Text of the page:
Author: Peter Whitney, Pastor of Kirk o’ the Isles Presbyterian Church

Lunchtime at the Whitney household is probably the best time of the day for the kids. Not only for the fact that we have food (most all Whitney’s love food), but Mom is reading the lunch-time devotional. Now, Dad is not that bad of a reader himself (if I do say so myself), however, he is clearly no Mom. Mom is a tremendous reader, riveting the children with her voices and leaving them spellbound with her antics. Our children are captivated for a solid 5-10 minutes, which is an accomplishment for our four young children! Mom also has found some pretty good material, lessons on character development, complete with real-life stories to which the children immediately relate and Bible verses. The kids devour each one and love to guess at the questions near the end. I have had the opportunity to look over the material and have come to see in it another skill of my wife, i.e. resourcefulness.

Now I wouldn’t even dream of trying to compete with my wife, but I would love to think that I could make some contribution. Perhaps I could supplement the material and add one more character trait that I have yet to hear. And if I were (and a publisher was willing to listening), I would add a lesson on humility. I would approach it from this angle: how do we as parents cultivate humility in our children? I’m envisioning this being on the back of the story page written to parents how we might drive home the character trait. Of course, also, I would leave the story writing and reading to someone a bit more talented! But with that said, how would this “more for parents” section read? I’m humbled you would ask. Four things:

Pray for it – Many know what I’m about to say, so much so that many have already moved on to the next point. But this demonstrates my point, for if we pass up prayer, we may be forfeiting what we need most. The Scripture says, “we have not for we ask not” (James 4:2). This relates not only to our topic of humility but unto all the spiritual character traits we long to see in our children. Often times, when I find myself hitting a wall with my children’s behavior, it hits me a moment later that I am failing to pray for my children. Even more so, as parents, if we aren’t praying for our children, then really who is? But specifically related to the topic of humility, Paul says “the weapons of warfare are not of the flesh, but divinely powerful for the destruction of fortresses” (2 Corinthians 10:4). The way we are going to address a lack of humility or pride in our children’s lives is to utilize the divinely powerful spiritual weapons of warfare. And if prayer isn’t a weapon to fight it, I don’t know what is. You know what I’m saying—Let’s pray for our children.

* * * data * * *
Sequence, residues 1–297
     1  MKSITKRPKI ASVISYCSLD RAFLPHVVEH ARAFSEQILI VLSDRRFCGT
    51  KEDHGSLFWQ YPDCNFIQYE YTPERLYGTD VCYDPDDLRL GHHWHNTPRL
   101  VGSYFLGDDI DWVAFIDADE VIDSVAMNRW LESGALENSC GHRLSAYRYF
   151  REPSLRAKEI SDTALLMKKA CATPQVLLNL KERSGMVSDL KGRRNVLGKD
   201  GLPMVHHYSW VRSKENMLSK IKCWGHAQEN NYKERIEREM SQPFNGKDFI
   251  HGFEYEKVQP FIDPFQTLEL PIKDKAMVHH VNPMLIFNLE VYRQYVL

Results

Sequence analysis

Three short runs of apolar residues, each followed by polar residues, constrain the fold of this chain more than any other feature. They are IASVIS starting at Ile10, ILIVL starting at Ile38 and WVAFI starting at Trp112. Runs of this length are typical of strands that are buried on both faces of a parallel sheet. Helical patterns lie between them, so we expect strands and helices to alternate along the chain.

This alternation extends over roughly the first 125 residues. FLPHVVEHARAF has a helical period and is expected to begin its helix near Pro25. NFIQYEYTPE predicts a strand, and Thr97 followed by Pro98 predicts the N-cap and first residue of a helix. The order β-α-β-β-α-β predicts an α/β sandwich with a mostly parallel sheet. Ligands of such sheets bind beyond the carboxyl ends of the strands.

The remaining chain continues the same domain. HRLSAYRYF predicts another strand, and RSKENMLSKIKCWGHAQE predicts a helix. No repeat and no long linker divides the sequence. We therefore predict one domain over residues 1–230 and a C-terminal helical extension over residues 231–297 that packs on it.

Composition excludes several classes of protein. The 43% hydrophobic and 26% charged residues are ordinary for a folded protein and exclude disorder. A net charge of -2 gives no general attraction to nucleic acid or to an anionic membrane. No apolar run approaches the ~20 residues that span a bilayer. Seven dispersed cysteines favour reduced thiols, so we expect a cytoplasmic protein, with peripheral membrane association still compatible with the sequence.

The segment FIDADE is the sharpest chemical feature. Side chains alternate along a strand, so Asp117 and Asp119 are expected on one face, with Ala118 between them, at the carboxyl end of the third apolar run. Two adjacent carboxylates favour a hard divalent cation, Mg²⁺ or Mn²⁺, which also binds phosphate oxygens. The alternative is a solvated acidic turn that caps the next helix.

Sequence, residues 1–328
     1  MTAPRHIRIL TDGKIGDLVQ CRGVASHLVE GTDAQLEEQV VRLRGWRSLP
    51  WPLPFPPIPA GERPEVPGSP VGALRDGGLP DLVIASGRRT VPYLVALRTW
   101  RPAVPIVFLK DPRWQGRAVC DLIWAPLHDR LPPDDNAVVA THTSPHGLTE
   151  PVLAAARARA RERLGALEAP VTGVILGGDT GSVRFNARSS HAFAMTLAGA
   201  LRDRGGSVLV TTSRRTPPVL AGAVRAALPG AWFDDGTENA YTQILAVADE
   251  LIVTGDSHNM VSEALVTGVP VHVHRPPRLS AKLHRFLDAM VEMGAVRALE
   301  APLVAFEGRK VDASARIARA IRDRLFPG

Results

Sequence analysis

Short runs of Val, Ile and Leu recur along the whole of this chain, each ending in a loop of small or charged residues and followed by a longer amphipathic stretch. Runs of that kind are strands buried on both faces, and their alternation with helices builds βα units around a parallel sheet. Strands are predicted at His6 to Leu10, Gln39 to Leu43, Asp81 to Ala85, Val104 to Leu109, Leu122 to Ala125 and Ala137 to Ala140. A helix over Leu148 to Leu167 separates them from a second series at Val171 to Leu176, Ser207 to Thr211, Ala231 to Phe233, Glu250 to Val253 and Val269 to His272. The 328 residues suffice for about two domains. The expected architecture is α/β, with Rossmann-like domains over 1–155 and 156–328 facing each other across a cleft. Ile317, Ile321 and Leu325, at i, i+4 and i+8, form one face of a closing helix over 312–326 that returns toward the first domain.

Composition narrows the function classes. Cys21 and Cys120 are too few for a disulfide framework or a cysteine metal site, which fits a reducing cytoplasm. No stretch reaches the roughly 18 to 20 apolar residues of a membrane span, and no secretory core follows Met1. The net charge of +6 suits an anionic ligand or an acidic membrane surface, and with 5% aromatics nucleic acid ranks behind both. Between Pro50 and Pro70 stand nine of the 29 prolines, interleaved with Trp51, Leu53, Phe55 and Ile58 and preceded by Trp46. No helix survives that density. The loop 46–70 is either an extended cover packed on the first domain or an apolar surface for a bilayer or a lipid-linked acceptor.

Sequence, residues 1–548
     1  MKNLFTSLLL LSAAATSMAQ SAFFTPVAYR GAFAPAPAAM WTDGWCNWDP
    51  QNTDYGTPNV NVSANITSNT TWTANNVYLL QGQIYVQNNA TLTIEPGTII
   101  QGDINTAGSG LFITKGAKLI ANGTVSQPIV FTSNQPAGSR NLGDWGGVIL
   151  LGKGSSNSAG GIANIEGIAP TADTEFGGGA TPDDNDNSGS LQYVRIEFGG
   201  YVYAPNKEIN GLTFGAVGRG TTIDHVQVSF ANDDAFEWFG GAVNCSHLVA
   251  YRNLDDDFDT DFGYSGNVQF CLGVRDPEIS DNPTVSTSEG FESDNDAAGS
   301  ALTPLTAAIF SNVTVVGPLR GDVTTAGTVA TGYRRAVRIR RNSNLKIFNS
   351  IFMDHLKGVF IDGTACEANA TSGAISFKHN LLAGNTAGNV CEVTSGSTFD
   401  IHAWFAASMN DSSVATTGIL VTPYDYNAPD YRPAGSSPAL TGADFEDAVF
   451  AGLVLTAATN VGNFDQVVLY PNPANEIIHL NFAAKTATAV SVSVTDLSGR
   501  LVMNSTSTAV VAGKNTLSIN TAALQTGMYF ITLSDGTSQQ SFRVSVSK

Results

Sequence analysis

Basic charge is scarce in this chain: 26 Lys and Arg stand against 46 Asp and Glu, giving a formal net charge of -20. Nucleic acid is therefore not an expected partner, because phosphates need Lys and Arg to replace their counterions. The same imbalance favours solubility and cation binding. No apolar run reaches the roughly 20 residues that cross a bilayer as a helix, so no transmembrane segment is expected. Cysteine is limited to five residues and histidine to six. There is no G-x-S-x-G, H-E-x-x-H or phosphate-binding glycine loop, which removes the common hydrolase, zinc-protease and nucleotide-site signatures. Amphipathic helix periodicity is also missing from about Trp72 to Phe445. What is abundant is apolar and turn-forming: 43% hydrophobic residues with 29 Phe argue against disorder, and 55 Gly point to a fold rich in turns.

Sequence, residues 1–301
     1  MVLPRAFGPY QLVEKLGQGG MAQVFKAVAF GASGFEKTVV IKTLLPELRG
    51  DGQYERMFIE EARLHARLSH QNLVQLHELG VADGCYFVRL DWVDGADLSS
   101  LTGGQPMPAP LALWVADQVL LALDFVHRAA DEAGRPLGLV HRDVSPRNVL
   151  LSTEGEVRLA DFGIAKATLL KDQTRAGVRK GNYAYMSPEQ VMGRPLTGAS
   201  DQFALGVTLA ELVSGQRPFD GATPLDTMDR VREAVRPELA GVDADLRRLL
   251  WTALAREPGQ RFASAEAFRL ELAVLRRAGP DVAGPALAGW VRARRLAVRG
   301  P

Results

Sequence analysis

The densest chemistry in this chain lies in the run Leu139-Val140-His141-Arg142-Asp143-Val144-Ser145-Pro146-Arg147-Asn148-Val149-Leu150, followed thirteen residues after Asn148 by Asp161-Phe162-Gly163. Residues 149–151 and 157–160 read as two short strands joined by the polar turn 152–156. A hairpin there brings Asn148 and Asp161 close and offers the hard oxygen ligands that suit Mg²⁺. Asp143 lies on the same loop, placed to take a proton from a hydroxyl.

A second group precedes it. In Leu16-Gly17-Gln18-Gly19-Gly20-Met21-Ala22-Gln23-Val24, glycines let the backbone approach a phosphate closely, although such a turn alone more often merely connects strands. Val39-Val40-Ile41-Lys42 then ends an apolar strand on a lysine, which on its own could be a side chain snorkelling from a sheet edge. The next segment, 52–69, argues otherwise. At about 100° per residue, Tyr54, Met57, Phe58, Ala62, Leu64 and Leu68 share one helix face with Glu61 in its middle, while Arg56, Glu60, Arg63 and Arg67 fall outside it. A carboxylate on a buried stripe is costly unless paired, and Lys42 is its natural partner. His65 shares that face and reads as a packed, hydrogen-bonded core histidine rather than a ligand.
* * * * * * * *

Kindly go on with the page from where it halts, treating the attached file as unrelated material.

Model it – Model humility to your children. Many couples joke with each other as they see a particularly sinful heart in their child, and say, “so-and-so takes after you!” The joke is funny to a point, but that point often pricks our own conscience because it is true, we have passed sin to our children. We have done this not only through the stain of original sin, but the actual sins proceeding from it! Sin begets sin, and if we don’t deal with our own sins, we are passing them on to our children. But that’s where the grace of Christ comes in, not only forgiving us of our sins but empowering us by His Spirit to die to sin and live unto God. So, another way to cultivate humility in our children is by modeling humility for them. Say, the next time we, as parents, are called out on our sin (maybe even by our children), instead of blowing it off or blame-shifting, we be the man (or woman), humble ourselves, admit fault, and seek forgiveness! Perhaps instead of boasting about our strengths, gifts, or intellect, we boast about our weaknesses and in the cross of our Lord and give our children another example to emulate (2 Corinthians 11:30, Galatians 6:14). Through this and many other examples, our children will see humility.

Show it – To a point, we all are not only creatures of habit, but we are reasonable. God made us this way. One of the reasons our children are not humble but instead are filled with pride is because they think they are the best show in town and have never seen anything better. But that’s where we as parents show them something better, so much infinitely better—we show them the glory of God! Yes, take them to see God’s great creation and go with them on mission trips. But also, bring them to church and teach them at home about the greatest show of God’s glory, namely His Son, Jesus Christ, who humbled Himself to save us and has now been raised to the highest! In all this, they will begin to see something far greater than themselves to live for; and they, in God’s grace, will be exhorted to “no longer live for themselves but for Him who died and rose again in their behalf” (2 Corinthians 5:16). And guess what this yields? True humility.

But what if we have tried all these things and have been doing so without success for years? Last one, we Wait for it. This might be the hardest of all. But it is the most rewarding: “The Lord is good to those who wait for Him, to the person who seeks Him. It is good that he waits silently for the salvation of the Lord” (Lamentations 3:25-26). May the Lord indeed hear our prayers, see our example, observe our laboring and our waiting, and not because of any of it, but only in line with grace given to us, be pleased to cultivate true humility within our children.